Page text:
In the case of pesticide regulation, as Flocks explained in her presentation to the President’s Cancer Panel, the Environmental Protection Agency (EPA) weighs matters of human health against the economic value of using pesticides in the farming industry. Too often, human health concerns lose and the potential for greater profits take precedence.

The easy question, of course, is asking why the government does not provide stricter regulations to protect farmworkers. The EPA’s Worker Protection Standard (WPS) was designed to directly regulate farmworkers’ conditions of exposure at their worksites and indirectly regulate pesticide exposure by educating the farmworkers themselves. The intent of this education is to empower farmworkers to seize control of their own working conditions, yet the current regulations are still grossly inadequate and underenforced.

Another reason for the failure of government regulation to protect farmworkers is the ability of agricultural employers to use labor arrangements to circumvent regulation. For example, employers often using labor contractors to recruit and manage farmworkers, thereby making the farmworkers subcontractors themselves. Flocks explained that this practice lends itself to even more distance between the farmworkers and their employers and places responsibility for workplace safety onto the workers, diminishing employers’ liability for regulatory violations.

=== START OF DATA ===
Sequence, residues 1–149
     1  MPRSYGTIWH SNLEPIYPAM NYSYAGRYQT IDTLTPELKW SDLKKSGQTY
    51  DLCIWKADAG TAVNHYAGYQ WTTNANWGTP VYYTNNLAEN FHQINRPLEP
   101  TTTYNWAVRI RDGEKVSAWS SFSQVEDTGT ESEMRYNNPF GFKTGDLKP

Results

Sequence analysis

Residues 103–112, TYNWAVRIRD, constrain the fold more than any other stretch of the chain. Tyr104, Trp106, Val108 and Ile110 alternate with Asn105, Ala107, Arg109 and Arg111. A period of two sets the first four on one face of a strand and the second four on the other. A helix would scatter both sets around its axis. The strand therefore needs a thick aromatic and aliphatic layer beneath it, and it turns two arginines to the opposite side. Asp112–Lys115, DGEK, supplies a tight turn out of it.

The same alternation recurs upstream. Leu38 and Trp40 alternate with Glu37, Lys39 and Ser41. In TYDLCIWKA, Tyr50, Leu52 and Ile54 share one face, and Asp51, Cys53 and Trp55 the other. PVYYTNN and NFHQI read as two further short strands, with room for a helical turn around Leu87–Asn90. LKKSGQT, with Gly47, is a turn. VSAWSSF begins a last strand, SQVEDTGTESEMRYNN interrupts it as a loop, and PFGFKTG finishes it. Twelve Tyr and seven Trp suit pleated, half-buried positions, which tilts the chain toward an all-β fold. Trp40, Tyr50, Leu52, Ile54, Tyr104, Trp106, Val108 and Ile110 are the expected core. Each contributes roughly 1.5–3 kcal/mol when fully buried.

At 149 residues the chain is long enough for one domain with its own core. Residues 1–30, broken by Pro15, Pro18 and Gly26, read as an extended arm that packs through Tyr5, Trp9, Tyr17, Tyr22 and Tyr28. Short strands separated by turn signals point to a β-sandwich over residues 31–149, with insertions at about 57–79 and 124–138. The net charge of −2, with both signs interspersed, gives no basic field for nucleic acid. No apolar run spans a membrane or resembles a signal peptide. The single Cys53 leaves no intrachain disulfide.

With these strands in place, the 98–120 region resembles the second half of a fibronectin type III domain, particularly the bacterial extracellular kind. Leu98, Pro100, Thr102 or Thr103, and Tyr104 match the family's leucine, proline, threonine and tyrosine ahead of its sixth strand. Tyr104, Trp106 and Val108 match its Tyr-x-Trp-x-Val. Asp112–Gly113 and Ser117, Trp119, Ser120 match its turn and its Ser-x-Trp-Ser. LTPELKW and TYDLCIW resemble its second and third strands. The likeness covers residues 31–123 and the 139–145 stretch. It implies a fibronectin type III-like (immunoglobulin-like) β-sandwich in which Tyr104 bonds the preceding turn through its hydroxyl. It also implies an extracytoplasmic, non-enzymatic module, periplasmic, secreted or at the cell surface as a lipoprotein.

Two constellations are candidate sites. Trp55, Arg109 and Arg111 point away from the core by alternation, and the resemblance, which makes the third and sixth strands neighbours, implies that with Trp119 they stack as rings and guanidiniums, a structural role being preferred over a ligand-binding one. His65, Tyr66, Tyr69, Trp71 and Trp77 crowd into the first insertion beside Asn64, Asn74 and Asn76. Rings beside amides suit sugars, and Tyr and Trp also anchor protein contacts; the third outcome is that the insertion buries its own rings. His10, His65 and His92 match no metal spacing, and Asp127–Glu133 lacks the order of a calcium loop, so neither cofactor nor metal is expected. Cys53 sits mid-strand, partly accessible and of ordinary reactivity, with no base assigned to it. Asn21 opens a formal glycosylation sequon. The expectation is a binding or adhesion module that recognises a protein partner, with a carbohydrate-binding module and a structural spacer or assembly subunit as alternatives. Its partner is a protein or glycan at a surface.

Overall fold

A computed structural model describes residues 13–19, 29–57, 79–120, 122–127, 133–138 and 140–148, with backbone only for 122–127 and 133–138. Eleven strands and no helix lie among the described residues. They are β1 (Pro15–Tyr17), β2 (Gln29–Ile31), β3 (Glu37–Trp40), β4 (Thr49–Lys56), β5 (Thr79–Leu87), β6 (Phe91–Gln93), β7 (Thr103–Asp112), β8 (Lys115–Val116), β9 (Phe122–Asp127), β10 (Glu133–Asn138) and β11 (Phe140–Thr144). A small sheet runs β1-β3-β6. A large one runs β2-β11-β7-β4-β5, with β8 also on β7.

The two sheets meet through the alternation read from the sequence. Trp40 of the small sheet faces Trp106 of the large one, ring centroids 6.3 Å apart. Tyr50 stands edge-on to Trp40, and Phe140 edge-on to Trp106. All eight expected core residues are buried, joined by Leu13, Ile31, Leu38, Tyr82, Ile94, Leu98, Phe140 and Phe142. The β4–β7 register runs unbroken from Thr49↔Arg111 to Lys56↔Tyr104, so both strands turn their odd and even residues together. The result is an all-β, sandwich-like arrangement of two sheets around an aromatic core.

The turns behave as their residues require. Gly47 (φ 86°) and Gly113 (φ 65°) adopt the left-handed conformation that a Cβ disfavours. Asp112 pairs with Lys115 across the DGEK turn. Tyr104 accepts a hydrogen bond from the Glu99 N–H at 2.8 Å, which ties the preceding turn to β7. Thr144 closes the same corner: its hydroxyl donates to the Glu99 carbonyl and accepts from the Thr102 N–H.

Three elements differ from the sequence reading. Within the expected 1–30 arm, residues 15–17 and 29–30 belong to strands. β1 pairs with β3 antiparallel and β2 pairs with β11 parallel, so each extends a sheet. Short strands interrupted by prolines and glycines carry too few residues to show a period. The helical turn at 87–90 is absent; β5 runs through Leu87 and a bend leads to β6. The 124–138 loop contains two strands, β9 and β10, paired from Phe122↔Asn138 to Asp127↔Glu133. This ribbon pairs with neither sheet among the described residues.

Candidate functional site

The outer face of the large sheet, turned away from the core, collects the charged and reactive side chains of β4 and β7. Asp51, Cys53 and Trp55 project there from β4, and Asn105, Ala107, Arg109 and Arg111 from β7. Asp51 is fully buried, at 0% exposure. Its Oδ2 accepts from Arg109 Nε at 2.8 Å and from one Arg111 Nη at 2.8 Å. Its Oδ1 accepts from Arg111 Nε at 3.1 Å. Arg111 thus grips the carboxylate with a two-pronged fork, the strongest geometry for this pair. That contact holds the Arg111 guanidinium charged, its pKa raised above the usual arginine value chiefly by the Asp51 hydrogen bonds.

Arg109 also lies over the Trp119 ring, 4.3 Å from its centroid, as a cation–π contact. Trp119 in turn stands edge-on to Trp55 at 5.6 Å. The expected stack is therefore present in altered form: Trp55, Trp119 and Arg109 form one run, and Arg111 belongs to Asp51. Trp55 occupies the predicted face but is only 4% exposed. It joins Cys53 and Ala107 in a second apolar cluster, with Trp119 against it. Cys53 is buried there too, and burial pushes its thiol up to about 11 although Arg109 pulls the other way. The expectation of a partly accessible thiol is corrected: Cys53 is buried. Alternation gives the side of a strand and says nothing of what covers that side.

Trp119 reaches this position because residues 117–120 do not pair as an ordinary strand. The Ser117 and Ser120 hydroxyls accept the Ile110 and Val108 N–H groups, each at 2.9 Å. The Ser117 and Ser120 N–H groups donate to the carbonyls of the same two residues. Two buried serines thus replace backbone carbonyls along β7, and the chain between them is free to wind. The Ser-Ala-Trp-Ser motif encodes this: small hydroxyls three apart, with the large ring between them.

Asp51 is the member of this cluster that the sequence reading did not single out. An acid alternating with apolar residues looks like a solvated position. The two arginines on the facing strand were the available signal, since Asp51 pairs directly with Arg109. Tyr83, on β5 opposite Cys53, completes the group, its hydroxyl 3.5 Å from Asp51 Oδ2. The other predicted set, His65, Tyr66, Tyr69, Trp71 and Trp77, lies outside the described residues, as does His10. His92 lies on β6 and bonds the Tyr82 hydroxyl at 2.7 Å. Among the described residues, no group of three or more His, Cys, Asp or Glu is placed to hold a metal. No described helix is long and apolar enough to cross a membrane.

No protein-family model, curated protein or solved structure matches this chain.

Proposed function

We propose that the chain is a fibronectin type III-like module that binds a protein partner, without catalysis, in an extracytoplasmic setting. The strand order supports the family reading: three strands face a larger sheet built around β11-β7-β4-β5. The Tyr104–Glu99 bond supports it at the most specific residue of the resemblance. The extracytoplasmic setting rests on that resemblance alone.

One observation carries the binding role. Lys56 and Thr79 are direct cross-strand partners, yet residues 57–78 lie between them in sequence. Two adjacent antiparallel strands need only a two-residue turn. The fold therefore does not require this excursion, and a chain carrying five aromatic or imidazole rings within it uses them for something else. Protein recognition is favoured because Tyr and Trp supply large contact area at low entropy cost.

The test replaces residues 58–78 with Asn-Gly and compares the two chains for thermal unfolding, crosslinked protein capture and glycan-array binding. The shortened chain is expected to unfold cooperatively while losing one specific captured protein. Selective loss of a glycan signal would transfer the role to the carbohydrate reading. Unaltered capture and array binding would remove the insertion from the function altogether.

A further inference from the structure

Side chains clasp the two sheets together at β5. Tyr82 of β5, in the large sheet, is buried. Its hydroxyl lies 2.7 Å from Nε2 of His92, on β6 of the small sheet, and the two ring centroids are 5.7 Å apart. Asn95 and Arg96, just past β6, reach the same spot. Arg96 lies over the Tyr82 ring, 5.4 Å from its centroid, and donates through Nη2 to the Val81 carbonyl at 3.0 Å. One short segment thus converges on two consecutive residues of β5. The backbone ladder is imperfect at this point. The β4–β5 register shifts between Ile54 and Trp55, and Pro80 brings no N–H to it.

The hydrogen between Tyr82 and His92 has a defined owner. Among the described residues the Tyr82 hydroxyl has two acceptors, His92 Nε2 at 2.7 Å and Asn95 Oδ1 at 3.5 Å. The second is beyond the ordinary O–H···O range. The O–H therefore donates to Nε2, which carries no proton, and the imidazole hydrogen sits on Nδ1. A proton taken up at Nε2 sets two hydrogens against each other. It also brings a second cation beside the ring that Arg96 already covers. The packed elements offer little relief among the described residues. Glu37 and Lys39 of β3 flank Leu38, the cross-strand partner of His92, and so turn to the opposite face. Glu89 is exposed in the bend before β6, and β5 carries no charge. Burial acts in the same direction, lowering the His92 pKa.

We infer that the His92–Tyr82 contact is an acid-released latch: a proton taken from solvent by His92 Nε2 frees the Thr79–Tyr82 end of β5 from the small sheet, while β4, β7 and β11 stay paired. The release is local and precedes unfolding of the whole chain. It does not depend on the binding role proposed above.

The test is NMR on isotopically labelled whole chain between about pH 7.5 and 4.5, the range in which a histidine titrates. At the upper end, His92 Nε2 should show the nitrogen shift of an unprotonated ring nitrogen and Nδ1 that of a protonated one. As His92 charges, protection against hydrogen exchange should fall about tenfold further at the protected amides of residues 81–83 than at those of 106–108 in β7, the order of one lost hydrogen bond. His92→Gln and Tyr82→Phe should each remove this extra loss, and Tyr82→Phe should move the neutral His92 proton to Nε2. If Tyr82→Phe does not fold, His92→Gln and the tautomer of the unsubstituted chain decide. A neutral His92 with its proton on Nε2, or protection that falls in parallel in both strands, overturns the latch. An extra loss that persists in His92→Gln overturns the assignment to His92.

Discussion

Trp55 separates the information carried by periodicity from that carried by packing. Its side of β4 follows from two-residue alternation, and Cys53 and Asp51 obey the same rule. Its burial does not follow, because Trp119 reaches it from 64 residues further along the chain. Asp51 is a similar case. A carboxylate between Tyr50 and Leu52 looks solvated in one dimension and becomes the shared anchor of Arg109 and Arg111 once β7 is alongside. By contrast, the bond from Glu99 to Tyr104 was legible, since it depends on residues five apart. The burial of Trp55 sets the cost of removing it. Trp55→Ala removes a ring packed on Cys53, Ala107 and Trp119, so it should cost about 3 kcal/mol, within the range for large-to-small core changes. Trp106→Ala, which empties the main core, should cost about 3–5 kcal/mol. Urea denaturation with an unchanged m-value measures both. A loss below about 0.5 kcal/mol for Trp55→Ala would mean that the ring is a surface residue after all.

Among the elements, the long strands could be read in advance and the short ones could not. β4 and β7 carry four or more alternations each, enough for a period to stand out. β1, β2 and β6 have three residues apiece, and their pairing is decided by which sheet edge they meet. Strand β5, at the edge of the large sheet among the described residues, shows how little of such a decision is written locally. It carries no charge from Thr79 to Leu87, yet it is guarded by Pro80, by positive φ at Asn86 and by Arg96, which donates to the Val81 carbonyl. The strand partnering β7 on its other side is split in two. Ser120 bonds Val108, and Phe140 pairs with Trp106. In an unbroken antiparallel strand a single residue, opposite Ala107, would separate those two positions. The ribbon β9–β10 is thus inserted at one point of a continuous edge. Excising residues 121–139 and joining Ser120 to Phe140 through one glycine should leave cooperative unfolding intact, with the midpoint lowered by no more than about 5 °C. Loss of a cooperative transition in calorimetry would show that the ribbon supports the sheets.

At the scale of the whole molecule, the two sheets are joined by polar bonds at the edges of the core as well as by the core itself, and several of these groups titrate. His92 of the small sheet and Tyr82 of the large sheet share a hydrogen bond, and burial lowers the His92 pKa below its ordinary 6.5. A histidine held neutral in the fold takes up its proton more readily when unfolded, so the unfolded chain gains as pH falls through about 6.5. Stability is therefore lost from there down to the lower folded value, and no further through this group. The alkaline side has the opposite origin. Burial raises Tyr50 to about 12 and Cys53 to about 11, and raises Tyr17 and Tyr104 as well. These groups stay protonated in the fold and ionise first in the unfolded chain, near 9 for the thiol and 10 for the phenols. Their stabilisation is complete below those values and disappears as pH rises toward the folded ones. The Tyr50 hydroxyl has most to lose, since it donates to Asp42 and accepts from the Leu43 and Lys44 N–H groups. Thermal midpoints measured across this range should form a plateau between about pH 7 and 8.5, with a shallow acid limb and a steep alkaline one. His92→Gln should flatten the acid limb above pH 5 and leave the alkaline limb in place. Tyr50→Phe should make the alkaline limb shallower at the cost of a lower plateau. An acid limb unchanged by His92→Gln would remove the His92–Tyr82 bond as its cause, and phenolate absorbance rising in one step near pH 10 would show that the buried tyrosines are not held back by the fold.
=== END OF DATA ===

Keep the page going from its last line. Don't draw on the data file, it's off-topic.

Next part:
Perhaps even more threatening to farmworkers than the known dangers of exposure to pesticides are the unknown dangers. Little is known about chronic, long-term effects of pesticide exposure or about synergistic and additive effects when workers are exposed to many substances during years of labor. With the constant development of new chemicals and pesticides to yield larger production and to grow more visually appealing produce, farmworkers are being exposed to substances that employers should intuitively know are dangerous, yet are under little pressure to restrict.

One solution that Flocks recommends is to shift regulation of pesticides at agricultural workplaces from the EPA to the Occupational Safety and Health Administration (OSHA) which regulates most workplaces and which requires more extensive training and information about workplace chemicals than the current WPS.

Flocks also urges the public to take a more proactive stance to combat the plight of farmworkers, including bringing consumer pressure on specific visible industries and bringing lawsuits under legal theories that do not rely on providing currently unavailable scientific proof that a specific pesticide causes a specific illness or that the employer had intent to harm a worker.

While these strategies have achieved modest success, Flocks emphasizes that their future success relies on the view of environmental injustices as human rights violations and that only through a progressive, public change in attitude toward the risks of pesticides and chemicals will farmworkers’ safety and rights finally be protected.